But all of this takes place in the boreal north. The vast majority of North Americans know Buffleheads as winter birds, floating in sheltered coastal areas and those inland waters that remain unfrozen. Though they are tiny and monochromatic, they can be an incredibly beautiful sight as they pepper the water, disappearing in dives and then popping back up like rubber bathtub ducks on the lead surface of the winter water. To me they are holiday ducks, since I generally see them on the Hudson from the window of the train while going from New York back to the Olde Homestead in the late fall and winter. Even at a distance and at speed, their dark-and-light pattern is distinctive.

If you know someone who is too frail, or too sensible, to chase the other sea ducks, show them a Bufflehead this February.

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American Buff-bellied Pipit by Mdf

A Pipit is a Pipit is a Pipit

On Sunday, I saw an American Pipit. Or a Buff-bellied Pipit, of the American subspecies. Or a Water Pipit, sort of. Normally, a series of caveats like that would keep a bird off a gal’s life list, but in this instance I definitely saw Anthus rubescens so it’s all good.

Back in the misty days of yore, when I bought the now-battered field guide that actually accompanies me to the field, there was only Anthus spinoletta, the Water Pipit. Its range was “Colder parts of N. Hemisphere. Winters to Cen. Ameria, n. Africa, s. Asia.” Like many birds with such vast ranges, it had a number of subspecies (seven, according to most of the authorities I can find), and these subspecies patronized different habitats and showed morphological differences sufficient for some ornithologists to advocate dividing the species into at least two as early as the 1950s. By 1989, the AOU was on board with a 3-way split, with a group of birds that favored wet European and southern Asian lowlands getting custody rights to both the common and the Latin name. Populations living on the rocky coasts of Britain and Europe were given the name Rock Pipit Anthus petrosus, and American birds, along with those from eastern Asia, were dubbed Buff-bellied Pipit Anthus rubescens.

Of course, taxonomy never really ends, and just to keep things interesting each of these new species encompasses several subspecies of its own, fractal-like. The Buff-bellied Pipit, has four: the American Pipit divided into Pacific, Rocky Mountain, and Rubescens races and the Japanese (or Siberian) Pipit. A donut-shaped territory with a giant hole in the middle, like that massive, passerine-unfriendly Timbit we call the Pacific, is quite conducive to genetic drift between populations, and by the time the Buff-bellied Pipit had been a species in the eyes of the AOU for a decade, some ornithologists were already calling for it to be further split between the American complex and the Asian. (For more discussion on identifying, or failing to identify, subspecies of Buff-bellied Pipit, see this article at Surfbird.com.)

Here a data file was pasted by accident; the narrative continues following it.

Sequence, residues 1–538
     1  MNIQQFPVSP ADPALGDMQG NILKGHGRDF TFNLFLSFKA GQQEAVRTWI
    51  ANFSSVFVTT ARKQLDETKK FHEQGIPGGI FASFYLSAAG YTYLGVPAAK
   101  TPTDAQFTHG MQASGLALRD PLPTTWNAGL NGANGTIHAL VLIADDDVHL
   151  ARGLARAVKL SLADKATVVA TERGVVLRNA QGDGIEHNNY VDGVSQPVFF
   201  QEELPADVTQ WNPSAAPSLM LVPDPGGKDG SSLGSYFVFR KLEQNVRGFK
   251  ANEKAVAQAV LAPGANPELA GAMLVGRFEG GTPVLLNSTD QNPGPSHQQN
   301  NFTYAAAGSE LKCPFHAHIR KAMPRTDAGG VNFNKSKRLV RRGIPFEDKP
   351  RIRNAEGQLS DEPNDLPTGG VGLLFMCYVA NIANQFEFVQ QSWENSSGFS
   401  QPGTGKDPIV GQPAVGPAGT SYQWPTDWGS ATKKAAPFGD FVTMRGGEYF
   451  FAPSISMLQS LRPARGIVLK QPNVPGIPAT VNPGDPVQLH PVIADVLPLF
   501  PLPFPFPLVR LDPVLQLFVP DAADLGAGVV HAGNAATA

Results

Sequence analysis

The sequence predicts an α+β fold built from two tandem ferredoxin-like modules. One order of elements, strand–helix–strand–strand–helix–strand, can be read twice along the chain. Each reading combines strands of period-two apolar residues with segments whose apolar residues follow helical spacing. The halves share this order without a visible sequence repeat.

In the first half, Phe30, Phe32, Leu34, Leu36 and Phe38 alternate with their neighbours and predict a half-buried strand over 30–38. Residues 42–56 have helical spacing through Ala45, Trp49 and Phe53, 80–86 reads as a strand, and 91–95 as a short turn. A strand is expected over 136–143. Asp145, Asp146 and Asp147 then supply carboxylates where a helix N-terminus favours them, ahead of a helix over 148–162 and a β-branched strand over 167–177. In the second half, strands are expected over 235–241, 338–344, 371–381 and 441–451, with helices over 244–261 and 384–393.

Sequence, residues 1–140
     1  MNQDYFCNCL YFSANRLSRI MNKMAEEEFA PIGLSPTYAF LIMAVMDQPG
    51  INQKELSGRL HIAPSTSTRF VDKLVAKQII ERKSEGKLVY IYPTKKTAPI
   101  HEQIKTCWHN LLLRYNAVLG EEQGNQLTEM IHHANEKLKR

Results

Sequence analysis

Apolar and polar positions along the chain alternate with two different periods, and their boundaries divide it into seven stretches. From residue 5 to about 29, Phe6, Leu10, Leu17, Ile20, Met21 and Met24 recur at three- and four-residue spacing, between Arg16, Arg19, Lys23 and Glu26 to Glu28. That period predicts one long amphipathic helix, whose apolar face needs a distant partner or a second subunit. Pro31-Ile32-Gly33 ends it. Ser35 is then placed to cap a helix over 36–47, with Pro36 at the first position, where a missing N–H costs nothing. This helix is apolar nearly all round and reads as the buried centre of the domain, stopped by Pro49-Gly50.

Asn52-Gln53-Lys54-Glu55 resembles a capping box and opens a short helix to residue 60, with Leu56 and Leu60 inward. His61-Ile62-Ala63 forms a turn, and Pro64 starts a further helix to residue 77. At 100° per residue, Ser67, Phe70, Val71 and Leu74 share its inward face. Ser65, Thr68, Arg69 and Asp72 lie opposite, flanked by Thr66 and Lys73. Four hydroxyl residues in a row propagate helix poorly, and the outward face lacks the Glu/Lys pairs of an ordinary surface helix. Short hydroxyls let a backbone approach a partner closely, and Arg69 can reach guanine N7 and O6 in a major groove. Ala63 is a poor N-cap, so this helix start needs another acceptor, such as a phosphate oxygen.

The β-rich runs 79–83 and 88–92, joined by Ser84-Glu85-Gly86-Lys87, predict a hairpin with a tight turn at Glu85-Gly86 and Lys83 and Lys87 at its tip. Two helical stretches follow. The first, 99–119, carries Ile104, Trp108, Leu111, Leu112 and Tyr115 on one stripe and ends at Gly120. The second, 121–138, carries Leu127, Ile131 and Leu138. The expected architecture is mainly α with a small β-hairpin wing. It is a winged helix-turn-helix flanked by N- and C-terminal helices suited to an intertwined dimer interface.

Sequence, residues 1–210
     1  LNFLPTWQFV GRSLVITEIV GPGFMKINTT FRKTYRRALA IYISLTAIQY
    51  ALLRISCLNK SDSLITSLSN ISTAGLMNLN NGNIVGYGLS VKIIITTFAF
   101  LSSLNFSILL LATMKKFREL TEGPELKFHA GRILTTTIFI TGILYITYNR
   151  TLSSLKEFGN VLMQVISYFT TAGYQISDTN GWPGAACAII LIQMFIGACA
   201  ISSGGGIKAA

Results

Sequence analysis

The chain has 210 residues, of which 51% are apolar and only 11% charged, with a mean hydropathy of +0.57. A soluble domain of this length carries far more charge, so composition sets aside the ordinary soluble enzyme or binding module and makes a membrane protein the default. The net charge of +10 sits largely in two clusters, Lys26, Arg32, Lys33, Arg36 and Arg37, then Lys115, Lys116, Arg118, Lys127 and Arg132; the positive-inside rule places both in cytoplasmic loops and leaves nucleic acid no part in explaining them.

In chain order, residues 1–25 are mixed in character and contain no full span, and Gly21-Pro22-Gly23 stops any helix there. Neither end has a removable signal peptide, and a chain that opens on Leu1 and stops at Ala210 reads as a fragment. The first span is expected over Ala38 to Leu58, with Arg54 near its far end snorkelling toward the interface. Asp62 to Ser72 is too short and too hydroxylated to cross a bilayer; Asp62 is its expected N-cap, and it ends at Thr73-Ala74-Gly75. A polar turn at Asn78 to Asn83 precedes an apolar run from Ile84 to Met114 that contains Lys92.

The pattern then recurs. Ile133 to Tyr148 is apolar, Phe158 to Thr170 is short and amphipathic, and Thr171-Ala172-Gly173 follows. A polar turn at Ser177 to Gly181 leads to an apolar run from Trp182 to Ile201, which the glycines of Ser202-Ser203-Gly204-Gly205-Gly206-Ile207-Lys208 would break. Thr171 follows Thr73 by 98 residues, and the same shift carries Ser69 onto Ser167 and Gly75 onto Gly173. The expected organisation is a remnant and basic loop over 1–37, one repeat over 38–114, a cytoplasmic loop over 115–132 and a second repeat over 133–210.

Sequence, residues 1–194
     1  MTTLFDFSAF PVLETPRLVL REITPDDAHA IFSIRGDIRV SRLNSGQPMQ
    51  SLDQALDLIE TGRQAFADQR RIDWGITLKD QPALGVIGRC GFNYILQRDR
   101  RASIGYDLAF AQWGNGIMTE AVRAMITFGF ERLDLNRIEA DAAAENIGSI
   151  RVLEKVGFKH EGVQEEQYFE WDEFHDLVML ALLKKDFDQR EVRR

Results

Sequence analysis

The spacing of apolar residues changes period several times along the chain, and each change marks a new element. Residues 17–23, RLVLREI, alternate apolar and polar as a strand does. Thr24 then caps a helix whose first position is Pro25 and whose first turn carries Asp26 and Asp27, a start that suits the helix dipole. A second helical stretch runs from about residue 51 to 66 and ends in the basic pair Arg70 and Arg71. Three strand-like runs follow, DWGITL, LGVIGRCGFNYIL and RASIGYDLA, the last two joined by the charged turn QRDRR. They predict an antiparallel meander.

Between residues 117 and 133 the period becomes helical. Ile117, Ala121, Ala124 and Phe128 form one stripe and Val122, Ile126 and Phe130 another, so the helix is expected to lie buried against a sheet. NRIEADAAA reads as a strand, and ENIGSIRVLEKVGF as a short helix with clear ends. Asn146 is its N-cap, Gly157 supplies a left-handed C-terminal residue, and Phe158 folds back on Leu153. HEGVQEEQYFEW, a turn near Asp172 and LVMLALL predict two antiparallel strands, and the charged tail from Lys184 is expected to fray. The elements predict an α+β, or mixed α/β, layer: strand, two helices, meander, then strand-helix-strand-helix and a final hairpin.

It is believed (although not conclusively proved) that A. r. rubescens is the subspecies most likely to be found in the eastern U.S. in winter. Typically they band together in flocks outside the breeding season, but the individual in Prospect Park didn’t know that, or perhaps s/he was merely suffering from an identity crisis of some kind. Although, really, it’s hard to imagine anything mattering less to a bird than what we call it in Latin. So it’s more likely that this bird was lost, separated from a larger group by mischance, bad weather, some slight injury – who knows? At any rate, it found a place on the Long Meadow where fences keep human and canine alike off the newly reseeded lawn, and there it has stayed for the past two weeks.

It walks alone, nearly invisible despite the short grass unless you know what you are looking for, streaked and gray-brown against a streaked gray-brown palette of earth and grass. It picks winterized insects and grass seeds from the dirt one at a time, pausing between each to eye the observer suspiciously. All descriptions of the species say that it bobs its tail, but this hardly does the motion justice – its entire rump moves up and down continually.

It was nearly the only species I spotted in Prospect Park last Sunday, with less than an hour to spend – Robins and Blue Jays and Rock Pigeons and House Sparrows and a single Ring-billed Gull were its list companions – but as you can see, it contains legions.

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Pipit by Mdf.

The morning is cold, and it’s damp, although not the buckets-from-the-sky affair that yesterday was. Dawn is getting later and later. The lawn seems bare of birds, except for a single female Flicker. Overhead, a white-tailed young Red-tailed Hawk calls. It’s my first return to Prospect Park since my overwhelming San Diego adventure (conclusion pending) and things seem quiet, despite favorable overnight winds and gushing reports of a wild sparrow bonanza the previous day.

Could I ever readjust to land? Could I go home again? Or was I, like so many birders, doomed to eternal restlessness, always investing somewhere else with the glamor of new birds and new experiences?

There’s a movement at the corner of my eye, and an off-leash dog bounds towards me (not an issue you have to deal with on pelagics much.) And as it does, scores of brown and yellow sparks fly up from the still-green lawn, each giving a high sharp note of alarm, and stream over my head to the nearest tree.